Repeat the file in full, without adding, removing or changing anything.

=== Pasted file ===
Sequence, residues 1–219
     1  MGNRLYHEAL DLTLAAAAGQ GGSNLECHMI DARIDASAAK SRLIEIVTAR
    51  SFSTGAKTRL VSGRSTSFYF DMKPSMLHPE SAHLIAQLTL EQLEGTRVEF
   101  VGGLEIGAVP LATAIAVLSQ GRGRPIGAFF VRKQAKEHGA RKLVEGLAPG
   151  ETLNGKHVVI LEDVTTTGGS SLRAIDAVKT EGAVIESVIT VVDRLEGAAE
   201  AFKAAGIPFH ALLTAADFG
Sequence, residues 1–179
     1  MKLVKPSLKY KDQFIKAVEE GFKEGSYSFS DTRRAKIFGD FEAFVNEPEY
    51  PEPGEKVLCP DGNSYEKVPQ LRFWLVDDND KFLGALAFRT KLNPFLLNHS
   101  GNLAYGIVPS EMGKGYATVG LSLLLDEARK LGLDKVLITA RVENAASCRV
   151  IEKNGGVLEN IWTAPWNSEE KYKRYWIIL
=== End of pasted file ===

Sequence, residues 1–219
     1  MGNRLYHEAL DLTLAAAAGQ GGSNLECHMI DARIDASAAK SRLIEIVTAR
    51  SFSTGAKTRL VSGRSTSFYF DMKPSMLHPE SAHLIAQLTL EQLEGTRVEF
   101  VGGLEIGAVP LATAIAVLSQ GRGRPIGAFF VRKQAKEHGA RKLVEGLAPG
   151  ETLNGKHVVI LEDVTTTGGS SLRAIDAVKT EGAVIESVIT VVDRLEGAAE
   201  AFKAAGIPFH ALLTAADFG
Sequence, residues 1–179
     1  MKLVKPSLKY KDQFIKAVEE GFKEGSYSFS DTRRAKIFGD FEAFVNEPEY
    51  PEPGEKVLCP DGNSYEKVPQ LRFWLVDDND KFLGALAFRT KLNPFLLNHS
   101  GNLAYGIVPS EMGKGYATVG LSLLLDEARK LGLDKVLITA RVENAASCRV
   151  IEKNGGVLEN IWTAPWNSEE KYKRYWIIL